• Which, now that I’ve done that, the audio is just as good as on my Windows PC, so I’ll be leaving them hooked up. Dedicated external speakers will always beat internal speakers. No surprises there!
  • I had the system volume a bit high before I shut down the iMac, so when I booted it up again the chime was loud (and it was 10 PM), so I did a quick search and found that running sudo nvram SystemAudioVolume=%80 I can disable the boot up chime completely. It’s not nostalgic to me, it’s just irritating. Also, my mind is kind of blown that I just ran a ‘nix command on my iMac to modify the nvram (basically the firmware). That’s…freaky and something that just never happens in the Windows world. All methods of interacting with BIOS/chips on the motherboard are awkward hacks. Most OEMs don’t even suggest you upgrade your BIOS unless absolutely necessary because it something goes wrong your system is toast. Do Macs get BIOS/UEFI updates? I don’t even known.
  • I wasn’t sure at first, but after going back and forth between the Apple Magic Trackpad 2 and my Logitech Trackpad, the Apple trackpad definitely requires a lot more force to click and that makes the click and drag option surprisingly hard to do sometimes. I’m puzzled by this.
  • OK, so after spending some time clicking on different parts of the trackpad, it looks like I was going too far to the edge and making the click-and-drag gesture harder than I needed to be. By moving an inch inward diagonally from the edge, the motion is easier and requires less pressure now. This is distinctly different than my Logitech trackpads, which I’ve used for years, so I’ll have some muscle-memory adapting to do.
  • I’m confused by the power settings…there’s only a slider for when the screen turns off. What about the iMac itself? Or does the system go to sleep when the screen turns off? I see there’s an option to not turn the Mac off when the screen goes to sleep, so does that mean the Mac does go to sleep when the screen goes off? That doesn’t seem to be the case based on my brief tests.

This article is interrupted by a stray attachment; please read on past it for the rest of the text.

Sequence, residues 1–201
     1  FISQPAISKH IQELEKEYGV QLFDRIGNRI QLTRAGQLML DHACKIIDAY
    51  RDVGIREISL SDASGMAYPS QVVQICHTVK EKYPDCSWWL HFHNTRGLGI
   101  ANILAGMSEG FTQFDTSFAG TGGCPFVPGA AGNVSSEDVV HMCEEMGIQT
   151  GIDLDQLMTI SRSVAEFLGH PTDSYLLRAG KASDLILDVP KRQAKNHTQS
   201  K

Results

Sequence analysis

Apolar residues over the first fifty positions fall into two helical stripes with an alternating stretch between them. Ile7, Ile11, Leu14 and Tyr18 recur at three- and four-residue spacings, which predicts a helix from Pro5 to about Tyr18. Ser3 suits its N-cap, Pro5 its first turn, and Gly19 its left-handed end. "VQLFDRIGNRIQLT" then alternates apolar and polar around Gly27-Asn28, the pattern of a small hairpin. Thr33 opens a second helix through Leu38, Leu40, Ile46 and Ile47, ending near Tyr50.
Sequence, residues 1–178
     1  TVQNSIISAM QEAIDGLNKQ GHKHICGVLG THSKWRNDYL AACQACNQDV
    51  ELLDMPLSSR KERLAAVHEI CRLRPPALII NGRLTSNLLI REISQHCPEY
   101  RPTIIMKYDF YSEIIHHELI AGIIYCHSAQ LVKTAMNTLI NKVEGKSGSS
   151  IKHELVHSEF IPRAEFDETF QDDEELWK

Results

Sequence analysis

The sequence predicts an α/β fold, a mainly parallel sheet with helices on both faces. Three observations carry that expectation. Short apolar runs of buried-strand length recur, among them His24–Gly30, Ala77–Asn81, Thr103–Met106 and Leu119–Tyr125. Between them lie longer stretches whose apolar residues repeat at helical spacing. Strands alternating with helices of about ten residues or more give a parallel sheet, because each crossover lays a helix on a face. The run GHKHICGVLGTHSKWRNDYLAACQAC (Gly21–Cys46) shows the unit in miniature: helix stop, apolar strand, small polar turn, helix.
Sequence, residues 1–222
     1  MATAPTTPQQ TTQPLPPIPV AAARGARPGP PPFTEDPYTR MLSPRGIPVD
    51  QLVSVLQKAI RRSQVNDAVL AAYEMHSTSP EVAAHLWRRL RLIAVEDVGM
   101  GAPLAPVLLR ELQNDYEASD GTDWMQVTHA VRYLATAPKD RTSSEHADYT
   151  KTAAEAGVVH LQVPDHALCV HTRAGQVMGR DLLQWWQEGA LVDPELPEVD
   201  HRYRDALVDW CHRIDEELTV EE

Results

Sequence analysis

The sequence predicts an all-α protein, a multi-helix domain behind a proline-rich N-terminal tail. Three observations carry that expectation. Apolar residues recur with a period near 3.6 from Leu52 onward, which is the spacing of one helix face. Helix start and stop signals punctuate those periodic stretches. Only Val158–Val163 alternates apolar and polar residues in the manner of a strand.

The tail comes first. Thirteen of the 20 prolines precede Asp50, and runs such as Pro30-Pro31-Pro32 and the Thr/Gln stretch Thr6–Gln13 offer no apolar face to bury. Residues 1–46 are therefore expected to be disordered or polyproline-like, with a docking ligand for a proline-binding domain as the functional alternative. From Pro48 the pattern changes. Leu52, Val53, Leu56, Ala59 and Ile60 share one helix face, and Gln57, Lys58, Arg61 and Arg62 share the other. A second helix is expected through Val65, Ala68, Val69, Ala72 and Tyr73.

• I opened a folder with a bunch of JPEGs, opened one with the Preview tool, then tapped my right cursor key expecting to move to the next file. Nothing happened. The Preview tool doesn’t let you browse through images? That’s weak.
  • I’d installed Picasa previously, since that’s the only way I can manage my photos keeping them in sync with Cubby – so I did the Open With function and pointed it at Picasa. I then got a security error message saying that the file I wanted to open was a “program downloaded from the Internet today” and my security settings wouldn’t permit me to “run it”. It’s a damn JPEG. I tried again and this time I had an Open option, but rather than the Picasa quick image viewer loading the entire program loaded. Maybe Picasa doesn’t have that function on OS X? Weirdly, the second image in the folder opens with the Preview tool, but the first opens in Picasa. I expected the “Open With” function to be based on file type associations, like it is with Windows, but that’s not the case. This is all pretty confusing compared to Windows.
  • Google makes the New Tab touch/tap point very small in Chrome. I keep moving the cursor to the little grey box, tapping, then nothing happens. I’m always about 1mm off, because inexplicably Google decided to not make the entire grey button a clickable object, only the middle 70% or so. Baffling.
  • Since I finally had a day off work (Thanksgiving) I could spend some time working on the physical placement of the iMac. One of the things I tested in the Apple store before deciding to purchase the 5K iMac was the display scaling function. I’m stunned at how well Apple does this – in the System Preferences display settings, there’s a simple scaling slider, with five presets, all very distinct. You select one, and the display immediately changes. No logging out, no prompts, etc. It’s just…simple and beautiful. Right now I’m jumping between the default and one smaller, and I’ll arrive at the right fit after I tweak how far the Mac screen is from where I’m sitting.

Here’s what day five and six were like.

New to this series? Start the journey with day one, or go back further to why I wanted to buy a Mac in the first place.